Three Women and Still Life (Dejeuner)
Fernand Léger ( French, 1881 - 1955 )
The monumental bodies of Three Women and Still Life (Déjeuner) are composed of sleek gray cones, planes, and cylinders. They resemble both machined metal forms and the smooth marble limbs of classical sculpture. Fernand Léger painted this work during a part of his career that he called “the monumental period, the massive phase, the compositions with large figures, the enlargement of the details.” The painting is dominated by three human bodies. One is a reclining nude, a type of modern odalisque, while the others stand at center, one figure clothed in bright colors and the other nude. The figures surround and partially conceal a still life on a round table or tray. The subject of standing and reclining nudes accompanied by a still life, suggesting an informal meal or picnic, was one that Léger explored in a series of ambitious works during the early 1920s, a time when he was particularly intrigued with the study of earlier French art. His exploration of traditional artistic themes was accompanied by the development of a new language for describing the human form.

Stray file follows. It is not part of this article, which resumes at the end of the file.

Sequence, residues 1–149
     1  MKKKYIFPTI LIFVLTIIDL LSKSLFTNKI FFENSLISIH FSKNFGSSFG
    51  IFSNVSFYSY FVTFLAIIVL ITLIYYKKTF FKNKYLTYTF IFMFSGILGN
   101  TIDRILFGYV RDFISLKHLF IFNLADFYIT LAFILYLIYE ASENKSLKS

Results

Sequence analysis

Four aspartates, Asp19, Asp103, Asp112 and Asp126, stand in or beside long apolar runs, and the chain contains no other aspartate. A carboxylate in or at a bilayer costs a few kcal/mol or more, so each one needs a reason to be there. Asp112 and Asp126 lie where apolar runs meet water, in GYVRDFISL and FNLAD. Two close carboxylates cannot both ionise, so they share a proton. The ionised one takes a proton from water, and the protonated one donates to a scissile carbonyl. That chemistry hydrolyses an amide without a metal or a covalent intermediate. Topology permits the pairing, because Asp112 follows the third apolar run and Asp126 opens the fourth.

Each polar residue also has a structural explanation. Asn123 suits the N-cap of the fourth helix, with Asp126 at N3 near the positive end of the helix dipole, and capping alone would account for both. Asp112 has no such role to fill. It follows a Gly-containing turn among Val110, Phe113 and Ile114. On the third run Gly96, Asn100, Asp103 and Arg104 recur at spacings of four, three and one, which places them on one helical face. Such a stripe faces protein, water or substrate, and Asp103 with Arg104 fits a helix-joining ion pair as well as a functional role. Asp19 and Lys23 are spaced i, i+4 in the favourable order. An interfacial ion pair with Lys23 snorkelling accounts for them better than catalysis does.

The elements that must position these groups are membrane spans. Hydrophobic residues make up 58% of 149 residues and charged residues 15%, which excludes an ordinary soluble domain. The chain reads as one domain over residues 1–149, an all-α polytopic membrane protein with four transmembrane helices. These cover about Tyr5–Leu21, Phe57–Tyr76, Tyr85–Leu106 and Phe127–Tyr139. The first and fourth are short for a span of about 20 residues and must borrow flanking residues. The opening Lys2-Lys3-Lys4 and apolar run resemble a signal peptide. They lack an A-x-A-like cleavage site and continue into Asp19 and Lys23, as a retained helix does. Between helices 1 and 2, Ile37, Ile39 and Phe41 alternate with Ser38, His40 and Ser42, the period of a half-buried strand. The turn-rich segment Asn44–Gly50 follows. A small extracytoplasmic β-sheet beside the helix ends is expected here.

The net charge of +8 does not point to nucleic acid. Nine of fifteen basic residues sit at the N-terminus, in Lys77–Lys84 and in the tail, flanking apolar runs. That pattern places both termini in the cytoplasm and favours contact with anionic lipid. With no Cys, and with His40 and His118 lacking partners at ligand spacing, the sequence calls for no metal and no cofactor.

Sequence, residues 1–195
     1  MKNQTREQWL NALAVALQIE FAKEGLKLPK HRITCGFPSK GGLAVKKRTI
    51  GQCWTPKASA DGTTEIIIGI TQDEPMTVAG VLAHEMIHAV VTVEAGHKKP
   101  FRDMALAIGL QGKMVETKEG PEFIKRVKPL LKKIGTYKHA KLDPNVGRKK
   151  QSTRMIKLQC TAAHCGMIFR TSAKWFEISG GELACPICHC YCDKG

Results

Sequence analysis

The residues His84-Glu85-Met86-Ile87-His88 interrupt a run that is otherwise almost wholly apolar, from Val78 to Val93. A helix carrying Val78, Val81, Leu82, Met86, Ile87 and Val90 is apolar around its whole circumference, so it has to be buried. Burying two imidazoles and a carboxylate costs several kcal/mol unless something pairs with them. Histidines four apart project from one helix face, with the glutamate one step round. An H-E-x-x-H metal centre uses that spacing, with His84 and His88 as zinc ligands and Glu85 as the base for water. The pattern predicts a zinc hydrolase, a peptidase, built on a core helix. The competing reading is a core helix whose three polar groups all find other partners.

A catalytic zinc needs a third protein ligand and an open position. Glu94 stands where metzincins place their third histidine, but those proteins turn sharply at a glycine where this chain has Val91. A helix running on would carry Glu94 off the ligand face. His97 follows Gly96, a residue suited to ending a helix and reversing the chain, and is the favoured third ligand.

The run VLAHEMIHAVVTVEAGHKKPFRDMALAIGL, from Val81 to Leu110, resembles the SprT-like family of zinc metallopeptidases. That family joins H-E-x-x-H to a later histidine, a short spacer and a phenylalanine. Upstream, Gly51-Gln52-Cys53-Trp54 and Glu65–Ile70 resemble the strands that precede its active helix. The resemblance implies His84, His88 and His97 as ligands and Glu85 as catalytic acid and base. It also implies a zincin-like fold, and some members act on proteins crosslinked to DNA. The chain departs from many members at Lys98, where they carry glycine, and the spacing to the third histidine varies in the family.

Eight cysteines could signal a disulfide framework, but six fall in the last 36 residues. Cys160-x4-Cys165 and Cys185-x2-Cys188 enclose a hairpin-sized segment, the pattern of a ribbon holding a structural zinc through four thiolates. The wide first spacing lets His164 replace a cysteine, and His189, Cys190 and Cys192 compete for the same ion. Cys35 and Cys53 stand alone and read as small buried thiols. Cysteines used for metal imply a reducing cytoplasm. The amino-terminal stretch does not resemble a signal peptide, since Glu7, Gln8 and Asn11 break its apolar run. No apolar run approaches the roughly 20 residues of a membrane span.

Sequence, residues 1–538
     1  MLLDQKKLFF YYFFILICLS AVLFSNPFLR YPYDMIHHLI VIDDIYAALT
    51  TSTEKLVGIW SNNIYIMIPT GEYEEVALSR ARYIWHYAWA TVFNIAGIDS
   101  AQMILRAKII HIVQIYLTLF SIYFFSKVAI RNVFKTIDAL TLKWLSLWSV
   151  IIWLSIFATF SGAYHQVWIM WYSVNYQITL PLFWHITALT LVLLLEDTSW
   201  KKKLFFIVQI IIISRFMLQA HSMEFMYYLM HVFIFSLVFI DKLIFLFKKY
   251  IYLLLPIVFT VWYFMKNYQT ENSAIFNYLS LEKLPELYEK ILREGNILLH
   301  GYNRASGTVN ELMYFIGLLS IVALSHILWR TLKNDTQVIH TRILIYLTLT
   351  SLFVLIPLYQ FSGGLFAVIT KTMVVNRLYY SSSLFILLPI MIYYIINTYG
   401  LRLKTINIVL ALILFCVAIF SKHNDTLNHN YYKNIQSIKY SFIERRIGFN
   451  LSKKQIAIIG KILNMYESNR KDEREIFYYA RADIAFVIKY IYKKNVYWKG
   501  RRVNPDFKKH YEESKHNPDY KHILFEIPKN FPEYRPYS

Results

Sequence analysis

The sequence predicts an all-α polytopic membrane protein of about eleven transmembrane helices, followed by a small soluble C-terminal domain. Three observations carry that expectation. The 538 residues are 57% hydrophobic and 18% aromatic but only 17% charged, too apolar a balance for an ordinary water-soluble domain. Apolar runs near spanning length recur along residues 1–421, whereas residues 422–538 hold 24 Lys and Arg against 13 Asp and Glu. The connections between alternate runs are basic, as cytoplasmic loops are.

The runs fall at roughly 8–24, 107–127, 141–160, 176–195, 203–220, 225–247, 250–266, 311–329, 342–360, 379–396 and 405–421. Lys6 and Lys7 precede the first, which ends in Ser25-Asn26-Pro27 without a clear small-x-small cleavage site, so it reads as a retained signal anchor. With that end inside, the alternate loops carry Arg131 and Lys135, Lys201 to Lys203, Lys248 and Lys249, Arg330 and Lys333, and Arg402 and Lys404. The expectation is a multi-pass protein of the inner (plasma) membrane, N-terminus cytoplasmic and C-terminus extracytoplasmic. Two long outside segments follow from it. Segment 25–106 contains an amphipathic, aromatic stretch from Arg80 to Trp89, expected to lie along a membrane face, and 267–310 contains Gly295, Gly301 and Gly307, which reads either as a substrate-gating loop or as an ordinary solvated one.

Heather MacDonald, DMA label copy, 2010.
- Guggenheim, New York
Learn more about the life and work of Fernand Léger.